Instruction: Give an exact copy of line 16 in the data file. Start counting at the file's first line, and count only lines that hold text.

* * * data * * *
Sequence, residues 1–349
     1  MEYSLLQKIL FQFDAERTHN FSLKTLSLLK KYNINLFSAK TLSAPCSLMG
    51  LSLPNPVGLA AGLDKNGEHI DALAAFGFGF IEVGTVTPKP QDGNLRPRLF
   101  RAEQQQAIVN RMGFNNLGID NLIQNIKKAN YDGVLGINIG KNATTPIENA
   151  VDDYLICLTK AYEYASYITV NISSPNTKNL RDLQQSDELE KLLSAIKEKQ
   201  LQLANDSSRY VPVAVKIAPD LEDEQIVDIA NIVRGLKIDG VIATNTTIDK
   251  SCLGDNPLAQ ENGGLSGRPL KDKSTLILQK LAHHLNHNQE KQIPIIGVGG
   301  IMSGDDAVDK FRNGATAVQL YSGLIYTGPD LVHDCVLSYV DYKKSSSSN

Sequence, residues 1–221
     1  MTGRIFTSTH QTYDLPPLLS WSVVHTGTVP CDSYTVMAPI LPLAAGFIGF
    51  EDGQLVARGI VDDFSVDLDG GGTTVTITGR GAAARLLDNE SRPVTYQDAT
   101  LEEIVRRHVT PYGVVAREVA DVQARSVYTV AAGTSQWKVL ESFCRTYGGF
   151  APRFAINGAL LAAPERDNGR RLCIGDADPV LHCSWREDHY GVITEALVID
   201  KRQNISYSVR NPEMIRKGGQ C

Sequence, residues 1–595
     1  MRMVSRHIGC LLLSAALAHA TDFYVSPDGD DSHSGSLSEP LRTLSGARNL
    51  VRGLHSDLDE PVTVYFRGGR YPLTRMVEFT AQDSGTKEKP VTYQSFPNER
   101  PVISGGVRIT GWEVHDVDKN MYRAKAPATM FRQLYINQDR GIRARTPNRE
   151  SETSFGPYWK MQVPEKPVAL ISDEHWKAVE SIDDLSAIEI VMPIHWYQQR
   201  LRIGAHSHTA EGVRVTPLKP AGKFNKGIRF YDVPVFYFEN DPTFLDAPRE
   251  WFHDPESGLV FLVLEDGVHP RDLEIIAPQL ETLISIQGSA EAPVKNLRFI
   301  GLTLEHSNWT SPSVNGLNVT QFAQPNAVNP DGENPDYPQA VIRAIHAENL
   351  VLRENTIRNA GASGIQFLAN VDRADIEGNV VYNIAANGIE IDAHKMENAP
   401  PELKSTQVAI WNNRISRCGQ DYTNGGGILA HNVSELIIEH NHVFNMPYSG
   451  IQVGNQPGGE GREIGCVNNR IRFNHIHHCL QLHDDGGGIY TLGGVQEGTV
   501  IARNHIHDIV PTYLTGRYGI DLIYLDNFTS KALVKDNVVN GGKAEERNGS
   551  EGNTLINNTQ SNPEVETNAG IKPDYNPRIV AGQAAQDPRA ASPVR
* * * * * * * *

     1  MRMVSRHIGC LLLSAALAHA TDFYVSPDGD DSHSGSLSEP LRTLSGARNL